HomeMedford NewsImmigration attorney and activist visits Medford Friends Meeting

Immigration attorney and activist visits Medford Friends Meeting

On Aug. 4, Legal Services Director for the AFSC's Immigrant Rights Program Nicole Miller discussed undocumented immigrants, child separation in New Jersey.

American Friends Service Committee Legal Services Dirctor Nicole Miller spoke at Medford Friends Meeting on Aug. 4 in front of meeting members and the broader community to discuss defending the rights of NJ’s immigrant families.

A majority of U.S. undocumented immigrants live in just six states, and New Jersey is one of them, according to the latest data from the Pew Research Center. 

That’s why the Medford Friends Meeting decided to host an immigration attorney and activist last week to share information about the state’s population. 

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“To be honest, we were surprised at our own lack of knowledge of the full scope of this work. As members of one of several Quaker Meetings in South Jersey, we felt there was a need to have the Nicole come and speak to more of us,” said Meeting member Carol Suplee. 

On Aug. 4, Nicole Miller, the legal services director for the American Friends Service Committee Immigrant Rights Program, was invited by the Meeting’s Peace and Social Concerns Committee to “help both meeting members and the broader community to bridge an information gap and better understand the scope and depth of issues facing many New Jersey families.”

“So many of us have felt frustrated, angry, and powerless to do anything to address the inhumane treatment of families by our government and its representatives, ” said Linda Matlack, clerk of the Peace and Social Concerns Committee. “Ms. Miller’s deep knowledge and extensive experience will allow us to come away with some ideas and tools to help make a positive impact on this tragic situation.”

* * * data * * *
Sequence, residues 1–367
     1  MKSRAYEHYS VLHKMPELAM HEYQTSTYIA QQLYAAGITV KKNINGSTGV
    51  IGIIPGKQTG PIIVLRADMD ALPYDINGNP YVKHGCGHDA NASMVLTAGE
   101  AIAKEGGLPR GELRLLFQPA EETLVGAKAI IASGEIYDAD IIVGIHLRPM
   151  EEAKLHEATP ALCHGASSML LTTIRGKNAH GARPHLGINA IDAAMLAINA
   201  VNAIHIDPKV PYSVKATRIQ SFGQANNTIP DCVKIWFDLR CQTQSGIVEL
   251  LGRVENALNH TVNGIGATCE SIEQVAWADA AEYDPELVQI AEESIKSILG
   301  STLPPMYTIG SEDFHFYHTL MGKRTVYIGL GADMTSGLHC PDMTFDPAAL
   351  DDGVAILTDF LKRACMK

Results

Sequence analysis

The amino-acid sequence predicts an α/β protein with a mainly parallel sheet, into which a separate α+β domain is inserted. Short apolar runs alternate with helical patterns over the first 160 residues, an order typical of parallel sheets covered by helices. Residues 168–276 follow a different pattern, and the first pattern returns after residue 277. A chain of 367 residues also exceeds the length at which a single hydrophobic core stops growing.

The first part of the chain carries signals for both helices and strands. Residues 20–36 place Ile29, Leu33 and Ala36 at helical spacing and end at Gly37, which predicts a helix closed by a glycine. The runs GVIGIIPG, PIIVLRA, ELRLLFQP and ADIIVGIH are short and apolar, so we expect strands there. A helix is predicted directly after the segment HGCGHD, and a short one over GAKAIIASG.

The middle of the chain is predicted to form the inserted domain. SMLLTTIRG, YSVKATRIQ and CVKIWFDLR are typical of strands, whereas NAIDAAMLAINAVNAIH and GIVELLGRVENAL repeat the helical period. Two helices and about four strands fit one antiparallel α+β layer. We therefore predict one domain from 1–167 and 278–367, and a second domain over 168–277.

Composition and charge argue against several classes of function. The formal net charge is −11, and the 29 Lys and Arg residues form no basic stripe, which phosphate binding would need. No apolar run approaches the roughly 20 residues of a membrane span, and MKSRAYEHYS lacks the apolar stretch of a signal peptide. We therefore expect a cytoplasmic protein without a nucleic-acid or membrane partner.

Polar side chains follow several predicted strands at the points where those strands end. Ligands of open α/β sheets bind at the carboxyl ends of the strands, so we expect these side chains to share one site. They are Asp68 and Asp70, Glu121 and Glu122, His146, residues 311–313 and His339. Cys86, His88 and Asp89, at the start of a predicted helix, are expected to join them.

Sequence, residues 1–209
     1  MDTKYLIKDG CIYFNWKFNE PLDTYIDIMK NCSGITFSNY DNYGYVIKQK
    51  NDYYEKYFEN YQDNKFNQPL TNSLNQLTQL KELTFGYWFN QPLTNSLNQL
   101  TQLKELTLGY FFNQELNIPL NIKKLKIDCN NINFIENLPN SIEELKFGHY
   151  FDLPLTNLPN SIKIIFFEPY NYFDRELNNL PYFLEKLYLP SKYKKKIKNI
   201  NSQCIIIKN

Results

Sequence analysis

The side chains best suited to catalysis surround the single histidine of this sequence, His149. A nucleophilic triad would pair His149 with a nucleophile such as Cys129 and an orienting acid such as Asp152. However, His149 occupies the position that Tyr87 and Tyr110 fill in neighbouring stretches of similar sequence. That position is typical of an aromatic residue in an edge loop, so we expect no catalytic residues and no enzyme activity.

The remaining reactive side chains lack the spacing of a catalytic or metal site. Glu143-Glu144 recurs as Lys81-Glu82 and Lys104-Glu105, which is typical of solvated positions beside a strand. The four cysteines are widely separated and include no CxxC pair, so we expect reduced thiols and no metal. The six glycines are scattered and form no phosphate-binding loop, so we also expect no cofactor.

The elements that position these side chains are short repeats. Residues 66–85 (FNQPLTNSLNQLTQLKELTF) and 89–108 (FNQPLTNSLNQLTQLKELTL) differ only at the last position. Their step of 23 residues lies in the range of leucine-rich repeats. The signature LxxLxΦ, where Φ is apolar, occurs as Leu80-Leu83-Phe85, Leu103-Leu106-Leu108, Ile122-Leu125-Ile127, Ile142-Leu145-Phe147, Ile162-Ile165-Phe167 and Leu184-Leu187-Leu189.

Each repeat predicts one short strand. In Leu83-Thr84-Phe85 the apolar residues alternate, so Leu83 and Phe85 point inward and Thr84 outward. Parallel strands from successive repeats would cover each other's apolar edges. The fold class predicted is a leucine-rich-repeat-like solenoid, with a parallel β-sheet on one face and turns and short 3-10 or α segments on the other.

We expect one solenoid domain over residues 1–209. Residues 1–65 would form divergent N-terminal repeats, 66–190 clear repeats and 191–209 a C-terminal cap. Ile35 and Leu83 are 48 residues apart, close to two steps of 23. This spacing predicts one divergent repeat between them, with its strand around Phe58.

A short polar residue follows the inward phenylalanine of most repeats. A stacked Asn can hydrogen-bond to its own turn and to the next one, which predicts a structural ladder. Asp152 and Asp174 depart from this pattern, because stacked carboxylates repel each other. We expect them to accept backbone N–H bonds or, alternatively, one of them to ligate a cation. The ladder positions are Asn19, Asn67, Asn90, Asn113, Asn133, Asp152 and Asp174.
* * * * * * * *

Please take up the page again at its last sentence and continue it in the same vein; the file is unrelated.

As an attorney, Miller leads a large legal team in Newark that provides vital representation to indigent immigrants. She has represented immigrants facing removal before the U.S. Customs and Immigration Service, is a current member of the Working Group on Immigrant Representation seeking increased access to immigration legal services in the state, and is a member of the New Jersey Consortium for Immigrant Children.

The latter group is a collaboration of nonprofits and law schools, with key law firms and corporate partners working to provide free legal representation to unaccompanied children. About 5,000 such children have been sent to New Jersey by the federal government, according to the group. 

“We see in the news every day the big immigration policies of this administration, kind of their impact on a national level, but how does that trickle down to New Jersey?” said Miller. 

She discussed different state and national agencies that a new immigrant would interact with in both southern and northern New Jersey. One of those is U.S Immigration and Customs Enforcement, and another is U.S. Citizenship and Immigration Services, which is where immigrants apply for such things as a green card. Both of those agencies are located in only two areas of the state – Newark and Mount Laurel Township. 

Two of the state’s immigration courts are in northern New Jersey, both near Miller’s office in Newark. Since January 2017, when President Trump issued a number of executive orders involving immigration, Miller has seen a framework that increases the number of people in detention centers, as well as limits people’s ability to achieve legal status. 

“Immigration enforcement takes place every day and in all different parts of the state,” said Miller. “There’s been a huge increase in the number of arrests here in New Jersey.” 

The state has arrested more than 3,400 people during the 2018 fiscal year, according to a report from ICE. In 2017, there were more than 3,100 arrests. The year before, 2016, totaled 2,200 arrests. 

More information can be found on the Meeting’s website, medfordfriendsmeeting.org. For information about ways to help the rights of immigrants, visit AFSC’s website, afsc.org


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